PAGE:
suffer
▪ Sister Duffy becomes a patient and suffers agonies over the fate of her love-child, little Peter.
▪ Unhappily, the history taught to our children has suffered the same fate as their mathematics or their grammar.
▪ Women too suffered the same fate unless granted the privilege of the sword.
▪ Hume could scarcely suffer the fate of Andrew Lang, and be hailed as a new defender of the faith.
▪ Not a few black leaders have suffered this fate.
▪ Other men assigned the task suffered similar fates.
▪ Herculaneum, the twin city to Pompeii, suffered a similar fate but has proved more difficult to excavate.
▪ In fact, blues was only suffering the same fate that, surprisingly, would soon befall soul.
tempt
▪ His luck was in, at least for the moment, but he had already decided not to tempt fate again.
▪ With a major typhoon hovering over the horizon, it would have been tempting fate unnecessarily.
▪ It was tempting fate to run the new car in public-but McLaren had thought of that.
▪ They had apparently felt as if a burden had been lifted from them and why tempt fate by attempting to get her back?
▪ Robbie longed to ask, but didn't dare tempt fate.
PHRASES FROM OTHER ENTRIES
be master of your own fate/destiny
cheat death/fate etc
▪ And because he thought he could cheat death.
▪ Explain how you cheated death at every stage of the journey.
▪ Our attempts to cheat life have progressed to an attempt to cheat death.
▪ Some of them are cheating death.
instrument of fate/God
seal sb's fate
▪ Rogerson's fate was sealed when he got behind the wheel of his car, completely drunk.
tempt fate
▪ By building houses in the steep canyons, Californians are tempting fate in the form of mudslides and fires.
▪ Fire officials said developers are tempting fate by building deep into the scenic canyons.
▪ It would be tempting fate to travel without a spare wheel.
▪ His luck was in, at least for the moment, but he had already decided not to tempt fate again.
▪ It was tempting fate to run the new car in public-but McLaren had thought of that.
▪ Robbie longed to ask, but didn't dare tempt fate.
▪ They had apparently felt as if a burden had been lifted from them and why tempt fate by attempting to get her back?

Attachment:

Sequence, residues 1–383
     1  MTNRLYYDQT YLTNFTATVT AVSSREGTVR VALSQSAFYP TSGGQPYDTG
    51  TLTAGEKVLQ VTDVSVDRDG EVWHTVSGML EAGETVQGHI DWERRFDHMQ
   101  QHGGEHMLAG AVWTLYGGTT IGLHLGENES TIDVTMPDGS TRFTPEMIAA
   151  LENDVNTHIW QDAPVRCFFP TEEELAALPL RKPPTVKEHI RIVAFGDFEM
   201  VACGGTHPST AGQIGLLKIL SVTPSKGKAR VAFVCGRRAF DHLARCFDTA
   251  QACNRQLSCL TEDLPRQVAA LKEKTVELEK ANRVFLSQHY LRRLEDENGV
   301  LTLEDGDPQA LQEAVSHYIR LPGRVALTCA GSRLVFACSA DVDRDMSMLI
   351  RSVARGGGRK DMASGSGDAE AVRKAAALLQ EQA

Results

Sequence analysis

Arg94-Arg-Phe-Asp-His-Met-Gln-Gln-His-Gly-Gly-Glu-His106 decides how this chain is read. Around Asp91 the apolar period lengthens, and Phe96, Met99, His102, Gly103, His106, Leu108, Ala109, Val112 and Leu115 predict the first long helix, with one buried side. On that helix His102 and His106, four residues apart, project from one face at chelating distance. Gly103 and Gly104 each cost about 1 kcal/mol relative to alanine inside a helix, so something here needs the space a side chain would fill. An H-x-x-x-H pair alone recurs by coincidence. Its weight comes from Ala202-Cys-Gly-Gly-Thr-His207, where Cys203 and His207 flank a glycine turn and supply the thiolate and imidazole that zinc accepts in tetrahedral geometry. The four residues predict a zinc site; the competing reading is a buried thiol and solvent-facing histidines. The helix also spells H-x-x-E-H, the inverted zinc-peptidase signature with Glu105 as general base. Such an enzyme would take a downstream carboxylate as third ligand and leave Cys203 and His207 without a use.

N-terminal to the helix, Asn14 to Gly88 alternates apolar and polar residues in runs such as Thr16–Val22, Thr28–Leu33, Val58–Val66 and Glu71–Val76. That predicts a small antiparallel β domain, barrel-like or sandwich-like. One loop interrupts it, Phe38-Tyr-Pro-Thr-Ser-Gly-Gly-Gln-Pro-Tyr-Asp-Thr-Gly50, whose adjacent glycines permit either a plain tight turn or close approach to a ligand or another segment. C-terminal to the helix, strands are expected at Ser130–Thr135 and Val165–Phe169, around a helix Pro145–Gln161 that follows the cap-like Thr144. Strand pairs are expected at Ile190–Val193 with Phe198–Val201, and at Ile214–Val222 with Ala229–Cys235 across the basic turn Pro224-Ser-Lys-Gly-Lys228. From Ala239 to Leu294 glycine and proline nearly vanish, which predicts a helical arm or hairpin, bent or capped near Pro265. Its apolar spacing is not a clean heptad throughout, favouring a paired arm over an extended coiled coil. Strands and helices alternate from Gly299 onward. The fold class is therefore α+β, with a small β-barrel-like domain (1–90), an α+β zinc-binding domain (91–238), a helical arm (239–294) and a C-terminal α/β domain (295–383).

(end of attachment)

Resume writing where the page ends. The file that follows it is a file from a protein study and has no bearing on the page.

▪ With a major typhoon hovering over the horizon, it would have been tempting fate unnecessarily.
EXAMPLES FROM OTHER ENTRIES
▪ By a strange twist of fate the judge died on the very day that Cordell was executed.
▪ Congress will meet to discuss the fate of the US nuclear defense shield.
▪ He felt that fate had been very unfair to him.
▪ He urged a nationwide referendum to decide the fate of the country.
▪ It was fate that brought us together.
▪ The fate of the prisoners will be decided by a panel of three judges.
▪ They saw themselves as victims of fate.
▪ This afternoon's debate is likely to seal the fate of the imprisoned aid workers.
EXAMPLES FROM CORPUS
▪ But fate had put into his lap one of the ubiquitous nobodies.
▪ I am satisfied with my fate.
▪ It wasn't as if she was in any hurry to learn her fate.
▪ No, we will leave such things to fate.
▪ The solutions offered by New Right commentators and their fate is the subject of later chapters.
The Collaborative International Dictionary
Fate

Fate \Fate\ (f[=a]t), n. [L. fatum a prophetic declaration, oracle, what is ordained by the gods, destiny, fate, fr. fari to speak: cf. OF. fat. See Fame, Fable, Ban, and cf. 1st Fay, Fairy.]

  1. A fixed decree by which the order of things is prescribed; the immutable law of the universe; inevitable necessity; the force by which all existence is determined and conditioned.

    Necessity and chance Approach not me; and what I will is fate.
    --Milton.

    Beyond and above the Olympian gods lay the silent, brooding, everlasting fate of which victim and tyrant were alike the instruments.
    --Froude.

  2. Appointed lot; allotted life; arranged or predetermined event; destiny; especially, the final lot; doom; ruin; death.

    The great, th'important day, big with the fate Of Cato and of Rome.
    --Addison.

    Our wills and fates do so contrary run That our devices still are overthrown.
    --Shak.

    The whizzing arrow sings, And bears thy fate, Antinous, on its wings.
    --Pope.